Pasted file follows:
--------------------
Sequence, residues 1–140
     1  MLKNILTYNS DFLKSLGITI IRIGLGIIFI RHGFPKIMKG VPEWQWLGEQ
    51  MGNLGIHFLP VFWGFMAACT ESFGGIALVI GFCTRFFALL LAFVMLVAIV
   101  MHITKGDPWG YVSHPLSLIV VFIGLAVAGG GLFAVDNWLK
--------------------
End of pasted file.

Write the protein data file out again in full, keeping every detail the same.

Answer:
Sequence, residues 1–140
     1  MLKNILTYNS DFLKSLGITI IRIGLGIIFI RHGFPKIMKG VPEWQWLGEQ
    51  MGNLGIHFLP VFWGFMAACT ESFGGIALVI GFCTRFFALL LAFVMLVAIV
   101  MHITKGDPWG YVSHPLSLIV VFIGLAVAGG GLFAVDNWLK